. Data were corrected for the lens collection efficiency which is equal to 0.9. A threshold current density of 2.12 kA/cm2, slope efficiency of 2.81 W/A, maximum power of 1.38 W and maximum WPE of 10.0% are measured at this temperature. The inset in Fig. 3 shows the laser spectrum in cw mode at 293 K at a current of 1.12 A. The spectrum is centered at 7.14 μm under these operating conditions. The significant increase in threshold current and decrease in slope efficiency and WPE observed between pulsed and cw modes indicates that the doping level is too high for optimum cw operation. This is also confirmed by the fact that the power roll-over in cw operation occurs at a current density of ~3.9 kA/cm2, which is ~30% lower than in pulsed mode. Cw performance will be improved by regrowing the structure with a lower active region doping.

A beam picture of the packaged QCL is shown in Fig. 4
Fig. 4 Beam picture of a continuous-wave packaged QCL at 1.06 W output power level. The picture was taken with a pyroelectric camera 2 m away from the laser.
. The picture was taken with a pyroelectric camera placed 2 m away from the laser, without additional optics. The laser was operated in cw mode at 293 K at a current of 1.12 A, corresponding to an output power level of 1.06 W (not corrected for the lens collection efficiency). A zeroth order beam profile is observed along both axes (TM00). The measured divergence half-angles at 1/e 2 of the collimated beam are 1.6 mrad and 1.5 mrad along the horizontal (x) and vertical (y) axes, respectively.

3.3 High-duty-cycle uncooled operation

Chips were also tested in high-duty-cycle uncooled operation [4

4. R. Maulini, A. Lyakh, A. Tsekoun, R. Go, C. Pflügl, L. Diehl, F. Capasso, and C. K. N. Patel, “High power thermoelectrically cooled and uncooled quantum cascade lasers with optimized reflectivity facet coatings,” Appl. Phys. Lett. 95(15), 151112 (2009). [CrossRef]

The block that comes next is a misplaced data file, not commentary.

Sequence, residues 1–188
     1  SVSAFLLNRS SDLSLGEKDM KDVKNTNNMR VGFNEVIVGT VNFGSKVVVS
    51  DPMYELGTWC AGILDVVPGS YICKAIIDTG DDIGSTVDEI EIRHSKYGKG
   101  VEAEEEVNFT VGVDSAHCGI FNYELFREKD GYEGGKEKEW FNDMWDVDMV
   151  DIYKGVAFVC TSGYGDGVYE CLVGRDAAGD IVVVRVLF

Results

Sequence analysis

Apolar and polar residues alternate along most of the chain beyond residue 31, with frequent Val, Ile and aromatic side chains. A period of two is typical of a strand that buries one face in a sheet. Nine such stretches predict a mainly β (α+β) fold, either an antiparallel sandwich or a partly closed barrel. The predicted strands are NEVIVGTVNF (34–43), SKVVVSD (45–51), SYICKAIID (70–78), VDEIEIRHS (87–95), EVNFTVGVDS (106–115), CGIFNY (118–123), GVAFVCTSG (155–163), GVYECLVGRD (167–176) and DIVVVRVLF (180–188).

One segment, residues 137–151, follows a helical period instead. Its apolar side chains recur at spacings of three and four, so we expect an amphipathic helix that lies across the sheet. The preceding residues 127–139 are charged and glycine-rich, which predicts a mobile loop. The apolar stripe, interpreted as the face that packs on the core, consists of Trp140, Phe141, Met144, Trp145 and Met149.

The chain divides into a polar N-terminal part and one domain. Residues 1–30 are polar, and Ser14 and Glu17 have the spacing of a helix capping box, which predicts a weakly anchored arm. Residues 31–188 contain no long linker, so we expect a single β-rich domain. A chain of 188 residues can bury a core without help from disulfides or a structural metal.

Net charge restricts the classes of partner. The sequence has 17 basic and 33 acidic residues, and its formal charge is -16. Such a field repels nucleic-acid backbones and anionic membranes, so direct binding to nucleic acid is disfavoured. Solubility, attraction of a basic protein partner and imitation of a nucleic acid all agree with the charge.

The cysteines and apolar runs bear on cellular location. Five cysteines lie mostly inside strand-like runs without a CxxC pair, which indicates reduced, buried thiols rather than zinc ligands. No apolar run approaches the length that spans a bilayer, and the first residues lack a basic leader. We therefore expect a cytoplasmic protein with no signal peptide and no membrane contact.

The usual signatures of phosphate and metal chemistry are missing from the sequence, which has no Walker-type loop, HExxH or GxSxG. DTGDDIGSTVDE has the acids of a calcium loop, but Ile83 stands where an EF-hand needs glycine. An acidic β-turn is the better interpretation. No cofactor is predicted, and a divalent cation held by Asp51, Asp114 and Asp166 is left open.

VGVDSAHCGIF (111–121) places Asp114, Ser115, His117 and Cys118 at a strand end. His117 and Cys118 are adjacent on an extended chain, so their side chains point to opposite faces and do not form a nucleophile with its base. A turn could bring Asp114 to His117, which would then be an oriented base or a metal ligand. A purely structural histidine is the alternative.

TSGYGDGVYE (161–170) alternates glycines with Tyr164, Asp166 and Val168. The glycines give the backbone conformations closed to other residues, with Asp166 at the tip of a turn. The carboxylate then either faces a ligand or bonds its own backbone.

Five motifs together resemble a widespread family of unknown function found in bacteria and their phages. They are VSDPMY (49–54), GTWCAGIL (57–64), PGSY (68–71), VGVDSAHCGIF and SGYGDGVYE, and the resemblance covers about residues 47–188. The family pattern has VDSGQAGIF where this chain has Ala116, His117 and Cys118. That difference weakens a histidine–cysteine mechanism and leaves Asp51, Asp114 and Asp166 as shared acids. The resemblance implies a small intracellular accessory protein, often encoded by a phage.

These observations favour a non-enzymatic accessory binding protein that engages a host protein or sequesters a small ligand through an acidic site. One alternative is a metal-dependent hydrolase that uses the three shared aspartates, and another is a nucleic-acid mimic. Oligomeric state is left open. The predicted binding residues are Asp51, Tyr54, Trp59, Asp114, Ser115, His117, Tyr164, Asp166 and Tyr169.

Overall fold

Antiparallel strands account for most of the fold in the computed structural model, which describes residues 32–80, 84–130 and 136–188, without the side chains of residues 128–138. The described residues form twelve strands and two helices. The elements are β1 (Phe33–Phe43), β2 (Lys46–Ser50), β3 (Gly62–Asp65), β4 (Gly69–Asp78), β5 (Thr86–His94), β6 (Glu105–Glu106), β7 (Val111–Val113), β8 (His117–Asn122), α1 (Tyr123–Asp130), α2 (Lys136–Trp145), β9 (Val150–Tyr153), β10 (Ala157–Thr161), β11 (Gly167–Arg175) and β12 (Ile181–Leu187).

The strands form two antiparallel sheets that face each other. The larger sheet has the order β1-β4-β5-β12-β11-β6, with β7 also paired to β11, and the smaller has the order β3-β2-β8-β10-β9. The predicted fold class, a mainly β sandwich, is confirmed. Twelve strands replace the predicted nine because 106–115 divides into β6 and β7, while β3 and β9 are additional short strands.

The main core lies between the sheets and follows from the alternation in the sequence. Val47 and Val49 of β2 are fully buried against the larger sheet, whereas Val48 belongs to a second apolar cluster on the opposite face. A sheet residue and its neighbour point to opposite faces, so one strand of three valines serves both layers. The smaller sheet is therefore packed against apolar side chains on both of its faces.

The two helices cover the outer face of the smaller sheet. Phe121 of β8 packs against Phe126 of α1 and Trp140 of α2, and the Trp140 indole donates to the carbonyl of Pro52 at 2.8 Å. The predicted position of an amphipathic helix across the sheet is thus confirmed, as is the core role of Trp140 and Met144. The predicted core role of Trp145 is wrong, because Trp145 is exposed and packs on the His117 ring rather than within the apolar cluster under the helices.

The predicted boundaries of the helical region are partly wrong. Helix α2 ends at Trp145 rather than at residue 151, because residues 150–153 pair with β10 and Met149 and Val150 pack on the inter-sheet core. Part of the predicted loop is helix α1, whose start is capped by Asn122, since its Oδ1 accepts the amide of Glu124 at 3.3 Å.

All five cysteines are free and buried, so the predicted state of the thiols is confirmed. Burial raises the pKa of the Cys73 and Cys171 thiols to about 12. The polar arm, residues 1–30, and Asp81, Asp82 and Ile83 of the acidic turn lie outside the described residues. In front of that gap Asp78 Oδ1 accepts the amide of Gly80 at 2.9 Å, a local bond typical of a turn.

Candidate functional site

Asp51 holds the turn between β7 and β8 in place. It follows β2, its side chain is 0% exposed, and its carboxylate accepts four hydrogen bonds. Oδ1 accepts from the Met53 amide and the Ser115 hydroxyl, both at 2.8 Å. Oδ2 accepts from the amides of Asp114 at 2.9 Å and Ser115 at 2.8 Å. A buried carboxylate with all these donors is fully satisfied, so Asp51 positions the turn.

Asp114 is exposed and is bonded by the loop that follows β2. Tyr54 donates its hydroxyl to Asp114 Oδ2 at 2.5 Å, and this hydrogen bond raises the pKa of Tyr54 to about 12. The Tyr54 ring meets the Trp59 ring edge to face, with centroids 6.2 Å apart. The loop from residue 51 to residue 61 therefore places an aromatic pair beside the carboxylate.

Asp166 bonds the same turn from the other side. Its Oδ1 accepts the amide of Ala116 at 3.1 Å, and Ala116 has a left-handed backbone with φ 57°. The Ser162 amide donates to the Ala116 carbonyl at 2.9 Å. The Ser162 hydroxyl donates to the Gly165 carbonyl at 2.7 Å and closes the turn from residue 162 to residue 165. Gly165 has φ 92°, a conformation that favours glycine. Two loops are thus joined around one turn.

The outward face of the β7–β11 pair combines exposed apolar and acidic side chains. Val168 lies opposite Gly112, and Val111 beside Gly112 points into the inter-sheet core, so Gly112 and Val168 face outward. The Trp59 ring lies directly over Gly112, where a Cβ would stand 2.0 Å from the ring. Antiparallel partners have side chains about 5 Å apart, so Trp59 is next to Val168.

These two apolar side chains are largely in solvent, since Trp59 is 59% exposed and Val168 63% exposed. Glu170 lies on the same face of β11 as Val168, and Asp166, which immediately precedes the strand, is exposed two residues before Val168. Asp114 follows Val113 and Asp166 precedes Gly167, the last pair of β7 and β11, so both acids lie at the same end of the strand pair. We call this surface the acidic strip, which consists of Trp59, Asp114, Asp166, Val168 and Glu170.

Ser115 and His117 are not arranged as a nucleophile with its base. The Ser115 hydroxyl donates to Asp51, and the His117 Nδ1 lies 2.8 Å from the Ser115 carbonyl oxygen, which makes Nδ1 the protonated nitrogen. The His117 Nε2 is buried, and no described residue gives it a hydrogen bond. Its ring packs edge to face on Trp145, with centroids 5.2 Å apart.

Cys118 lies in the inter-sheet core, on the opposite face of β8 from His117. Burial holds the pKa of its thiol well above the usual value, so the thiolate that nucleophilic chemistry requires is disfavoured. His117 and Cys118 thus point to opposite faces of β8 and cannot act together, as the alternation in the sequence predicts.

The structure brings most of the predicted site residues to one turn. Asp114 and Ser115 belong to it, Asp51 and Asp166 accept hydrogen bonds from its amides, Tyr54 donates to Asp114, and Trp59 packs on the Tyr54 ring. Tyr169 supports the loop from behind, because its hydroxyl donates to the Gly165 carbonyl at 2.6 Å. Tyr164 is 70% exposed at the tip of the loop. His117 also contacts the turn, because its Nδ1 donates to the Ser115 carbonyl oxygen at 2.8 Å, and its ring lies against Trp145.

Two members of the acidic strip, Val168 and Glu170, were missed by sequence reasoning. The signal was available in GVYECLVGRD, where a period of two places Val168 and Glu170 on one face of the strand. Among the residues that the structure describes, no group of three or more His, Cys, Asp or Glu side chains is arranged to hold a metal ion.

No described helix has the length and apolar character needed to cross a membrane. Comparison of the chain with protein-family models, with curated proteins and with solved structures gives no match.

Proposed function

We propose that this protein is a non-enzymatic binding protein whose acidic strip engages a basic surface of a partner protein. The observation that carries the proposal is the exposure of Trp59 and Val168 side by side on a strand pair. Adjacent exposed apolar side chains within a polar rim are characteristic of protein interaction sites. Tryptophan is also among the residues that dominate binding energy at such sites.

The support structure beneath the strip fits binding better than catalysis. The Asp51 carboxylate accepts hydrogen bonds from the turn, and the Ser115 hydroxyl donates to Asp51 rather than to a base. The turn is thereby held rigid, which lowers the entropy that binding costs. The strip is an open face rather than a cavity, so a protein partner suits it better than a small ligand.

,5

5. R. Maulini, A. Lyakh, A. Tsekoun, R. Go, and C. K. N. Patel, “High average power uncooled mid-wave infrared quantum cascade lasers,” Electron. Lett. 47(6), 395 (2011). [CrossRef]

]. In this case, chips-on-carrier were mounted in hermetically-sealed packages containing a heat spreader and collimating optics, but no TEC. A thermistor was mounted close to the chip for temperature monitoring. Larger chip dimensions of 5.8 mm x 12 μm were chosen to improve heat dissipation [5

5. R. Maulini, A. Lyakh, A. Tsekoun, R. Go, and C. K. N. Patel, “High average power uncooled mid-wave infrared quantum cascade lasers,” Electron. Lett. 47(6), 395 (2011). [CrossRef]

]. Devices were HR/AR coated. An AR coating reflectivity of 0.7% was chosen, in order to obtain the same value of mirror losses as for cw operation. Measured average power as a function of duty cycle of such a device operated at a heatsink temperature of 293 K is shown in the top of Fig. 5